Unfractionated heparin during elective PCI: Fixed dose or weight adjusted?

Ananth Kidambi, Gnanamoorthy Mayurathan, Girish Viswanathan, Clyde Schechter, Azfar G. Zaman

Research output: Contribution to journalArticle

2 Scopus citations

Abstract

Introduction: To assess two different dosing strategies of unfractionated heparin (UFH) during elective percutaneous coronary intervention (PCI). Aims: The optimal dose of heparin during elective PCI in patients with stable angina is unknown. Existing guidelines are based on limited data. We interrogated data from the PCI database. Patients with stable angina undergoing planned transradial PCI for uncomplicated single lesions were included. The main endpoint was troponin I release. We compared a fixed heparin dose (3000 U) UFH to a weight-adjusted dose. Results: Of 698 patients 244 (35.0%) received fixed dose (3000 U) and 454 (65.0%) 70 U/kg weight-adjusted UFH. There was no significant difference in median troponin between the fixed dose and the weight-adjusted groups; 0.17 ng/mL versus 0.14; P= 0.21. The proportion of troponin positive patients was similar in both groups (61.9% in the fixed dose group vs. 58.1%; P= 0.37). There were no deaths or major ischemic events during hospitalization. There was no bleeding requiring transfusion or delaying hospital discharge. Conclusion: In conclusion, this retrospective observational study of elective transradial PCI demonstrated that a reduced, fixed dose of periprocedural heparin was associated with similar postprocedural troponin levels when compared to a standard weight-adjusted regime. Our study further questions the optimal dose of heparin required during elective PCI and suggests a need for further trials.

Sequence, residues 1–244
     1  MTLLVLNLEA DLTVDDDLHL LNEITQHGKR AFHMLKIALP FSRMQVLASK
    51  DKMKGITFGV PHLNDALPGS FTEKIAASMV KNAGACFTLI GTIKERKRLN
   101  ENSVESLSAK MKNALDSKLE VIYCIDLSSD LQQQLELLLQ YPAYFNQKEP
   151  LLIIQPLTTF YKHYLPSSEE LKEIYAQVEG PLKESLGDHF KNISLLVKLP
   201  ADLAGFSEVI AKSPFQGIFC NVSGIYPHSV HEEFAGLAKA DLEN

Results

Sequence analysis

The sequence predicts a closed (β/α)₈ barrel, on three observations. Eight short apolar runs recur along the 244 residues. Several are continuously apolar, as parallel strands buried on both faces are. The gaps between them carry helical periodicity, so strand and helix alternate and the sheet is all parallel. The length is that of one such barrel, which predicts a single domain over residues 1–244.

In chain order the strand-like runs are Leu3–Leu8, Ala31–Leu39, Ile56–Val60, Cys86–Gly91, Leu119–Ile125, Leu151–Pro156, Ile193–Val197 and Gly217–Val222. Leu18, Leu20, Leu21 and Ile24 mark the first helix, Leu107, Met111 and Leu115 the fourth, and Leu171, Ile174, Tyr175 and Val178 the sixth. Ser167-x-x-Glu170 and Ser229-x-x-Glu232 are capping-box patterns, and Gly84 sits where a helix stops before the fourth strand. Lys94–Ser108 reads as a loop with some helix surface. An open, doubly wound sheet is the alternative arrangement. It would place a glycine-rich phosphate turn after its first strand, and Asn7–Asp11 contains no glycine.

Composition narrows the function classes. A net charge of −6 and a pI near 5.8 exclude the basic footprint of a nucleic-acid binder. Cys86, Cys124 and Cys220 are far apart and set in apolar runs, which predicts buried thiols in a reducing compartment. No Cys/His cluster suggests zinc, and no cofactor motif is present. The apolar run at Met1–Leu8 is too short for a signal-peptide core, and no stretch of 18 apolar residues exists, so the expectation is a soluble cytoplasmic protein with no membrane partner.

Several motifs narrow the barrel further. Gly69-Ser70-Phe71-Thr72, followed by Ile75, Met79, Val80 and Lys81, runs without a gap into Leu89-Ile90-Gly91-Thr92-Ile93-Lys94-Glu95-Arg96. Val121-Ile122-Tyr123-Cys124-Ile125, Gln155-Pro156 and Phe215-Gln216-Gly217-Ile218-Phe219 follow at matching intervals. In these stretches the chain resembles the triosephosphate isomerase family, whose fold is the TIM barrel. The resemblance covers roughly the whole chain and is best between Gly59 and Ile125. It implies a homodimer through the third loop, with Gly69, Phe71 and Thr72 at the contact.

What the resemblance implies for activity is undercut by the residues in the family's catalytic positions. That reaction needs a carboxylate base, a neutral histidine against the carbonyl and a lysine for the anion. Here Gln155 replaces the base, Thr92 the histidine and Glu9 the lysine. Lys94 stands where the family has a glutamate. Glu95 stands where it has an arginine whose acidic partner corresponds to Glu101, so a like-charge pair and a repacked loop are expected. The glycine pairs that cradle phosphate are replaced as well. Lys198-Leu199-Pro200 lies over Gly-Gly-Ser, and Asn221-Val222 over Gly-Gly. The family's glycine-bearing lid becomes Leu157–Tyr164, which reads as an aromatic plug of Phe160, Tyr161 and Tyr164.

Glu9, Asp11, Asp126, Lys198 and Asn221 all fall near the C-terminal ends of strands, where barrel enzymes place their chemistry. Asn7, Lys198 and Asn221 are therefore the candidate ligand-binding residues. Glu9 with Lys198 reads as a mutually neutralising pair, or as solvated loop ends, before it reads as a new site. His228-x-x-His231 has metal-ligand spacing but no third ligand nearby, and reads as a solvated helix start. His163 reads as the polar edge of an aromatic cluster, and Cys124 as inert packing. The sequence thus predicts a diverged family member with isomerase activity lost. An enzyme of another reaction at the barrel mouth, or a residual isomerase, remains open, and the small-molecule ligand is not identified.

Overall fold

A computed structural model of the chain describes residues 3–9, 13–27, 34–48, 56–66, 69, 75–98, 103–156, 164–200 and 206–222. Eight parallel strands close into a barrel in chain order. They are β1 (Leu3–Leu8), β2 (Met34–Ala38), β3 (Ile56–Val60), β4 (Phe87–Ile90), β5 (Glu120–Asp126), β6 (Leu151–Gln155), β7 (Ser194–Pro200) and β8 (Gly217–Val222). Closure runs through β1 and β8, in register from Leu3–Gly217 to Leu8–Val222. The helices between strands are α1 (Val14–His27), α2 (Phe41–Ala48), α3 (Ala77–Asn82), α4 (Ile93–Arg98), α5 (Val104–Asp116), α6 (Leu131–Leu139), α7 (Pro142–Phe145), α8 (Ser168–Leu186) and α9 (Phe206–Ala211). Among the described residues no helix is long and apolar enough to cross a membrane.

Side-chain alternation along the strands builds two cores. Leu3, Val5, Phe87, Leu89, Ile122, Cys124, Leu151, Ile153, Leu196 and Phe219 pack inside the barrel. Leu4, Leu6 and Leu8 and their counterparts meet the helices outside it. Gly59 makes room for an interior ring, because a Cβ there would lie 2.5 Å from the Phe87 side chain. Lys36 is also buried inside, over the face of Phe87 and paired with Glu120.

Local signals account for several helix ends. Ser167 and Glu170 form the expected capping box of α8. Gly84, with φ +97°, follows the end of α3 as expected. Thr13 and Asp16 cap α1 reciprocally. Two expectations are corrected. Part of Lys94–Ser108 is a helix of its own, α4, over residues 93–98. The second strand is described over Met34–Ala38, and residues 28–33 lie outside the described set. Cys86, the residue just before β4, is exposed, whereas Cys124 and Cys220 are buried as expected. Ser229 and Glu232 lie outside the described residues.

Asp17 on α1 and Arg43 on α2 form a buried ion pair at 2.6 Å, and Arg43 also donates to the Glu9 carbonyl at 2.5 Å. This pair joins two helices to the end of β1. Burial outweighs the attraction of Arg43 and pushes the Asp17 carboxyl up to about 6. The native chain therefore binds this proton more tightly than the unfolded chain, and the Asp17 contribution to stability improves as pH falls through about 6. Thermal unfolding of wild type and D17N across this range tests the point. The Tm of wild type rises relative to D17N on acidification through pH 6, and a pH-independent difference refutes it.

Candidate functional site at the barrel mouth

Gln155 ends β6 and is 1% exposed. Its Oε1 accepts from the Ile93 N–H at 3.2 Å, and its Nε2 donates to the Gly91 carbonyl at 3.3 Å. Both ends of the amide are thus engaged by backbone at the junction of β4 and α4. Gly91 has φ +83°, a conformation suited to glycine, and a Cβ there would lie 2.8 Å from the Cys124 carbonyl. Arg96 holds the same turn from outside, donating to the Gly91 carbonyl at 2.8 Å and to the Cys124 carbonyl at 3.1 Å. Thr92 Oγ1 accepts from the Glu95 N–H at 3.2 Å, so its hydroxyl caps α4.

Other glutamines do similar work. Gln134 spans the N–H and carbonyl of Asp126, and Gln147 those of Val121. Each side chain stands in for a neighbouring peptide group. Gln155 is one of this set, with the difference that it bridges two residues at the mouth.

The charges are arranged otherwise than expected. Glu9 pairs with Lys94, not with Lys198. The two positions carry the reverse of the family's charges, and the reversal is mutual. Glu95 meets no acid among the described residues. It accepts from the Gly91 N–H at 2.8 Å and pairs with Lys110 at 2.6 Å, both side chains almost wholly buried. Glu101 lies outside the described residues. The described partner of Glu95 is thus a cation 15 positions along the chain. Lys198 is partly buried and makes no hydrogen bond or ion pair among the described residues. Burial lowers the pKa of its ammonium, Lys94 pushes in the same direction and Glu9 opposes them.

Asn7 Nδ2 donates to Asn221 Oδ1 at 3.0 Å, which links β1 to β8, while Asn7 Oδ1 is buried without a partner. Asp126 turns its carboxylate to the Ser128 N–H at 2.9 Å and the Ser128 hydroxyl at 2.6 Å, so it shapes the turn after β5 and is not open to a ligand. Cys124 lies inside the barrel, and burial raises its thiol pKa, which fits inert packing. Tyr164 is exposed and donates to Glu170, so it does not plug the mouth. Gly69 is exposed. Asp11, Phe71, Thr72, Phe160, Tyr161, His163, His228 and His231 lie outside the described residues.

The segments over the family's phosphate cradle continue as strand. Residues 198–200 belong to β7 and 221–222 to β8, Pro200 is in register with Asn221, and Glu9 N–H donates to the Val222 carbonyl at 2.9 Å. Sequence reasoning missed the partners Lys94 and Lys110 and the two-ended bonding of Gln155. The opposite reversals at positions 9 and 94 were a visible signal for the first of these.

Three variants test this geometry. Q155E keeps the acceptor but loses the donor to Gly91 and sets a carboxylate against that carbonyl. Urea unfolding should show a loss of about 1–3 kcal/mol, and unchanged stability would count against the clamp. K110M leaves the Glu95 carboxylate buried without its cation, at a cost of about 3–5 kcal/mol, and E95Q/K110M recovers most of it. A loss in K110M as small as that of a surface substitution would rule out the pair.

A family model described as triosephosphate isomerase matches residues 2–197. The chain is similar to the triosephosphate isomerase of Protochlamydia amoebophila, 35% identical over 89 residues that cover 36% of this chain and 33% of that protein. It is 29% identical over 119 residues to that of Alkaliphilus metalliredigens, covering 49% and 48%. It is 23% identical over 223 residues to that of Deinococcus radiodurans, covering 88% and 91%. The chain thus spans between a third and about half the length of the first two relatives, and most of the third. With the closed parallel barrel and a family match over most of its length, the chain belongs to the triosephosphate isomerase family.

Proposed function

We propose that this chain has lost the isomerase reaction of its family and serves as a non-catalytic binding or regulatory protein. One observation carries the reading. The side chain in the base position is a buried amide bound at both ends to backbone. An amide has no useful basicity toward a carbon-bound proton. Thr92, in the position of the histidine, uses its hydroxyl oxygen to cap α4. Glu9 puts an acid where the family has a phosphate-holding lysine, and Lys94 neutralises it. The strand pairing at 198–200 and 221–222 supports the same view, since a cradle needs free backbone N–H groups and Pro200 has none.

Original languageEnglish (US)
Pages (from-to)1-4
Number of pages4
JournalCardiovascular Therapeutics
Volume30
Issue number1
DOIs
StatePublished - Feb 1 2012

Keywords

  • Coronary artery disease
  • Heparin
  • Percutaneous coronary intervention
  • Troponin

ASJC Scopus subject areas

  • Pharmacology
  • Cardiology and Cardiovascular Medicine
  • Pharmacology (medical)

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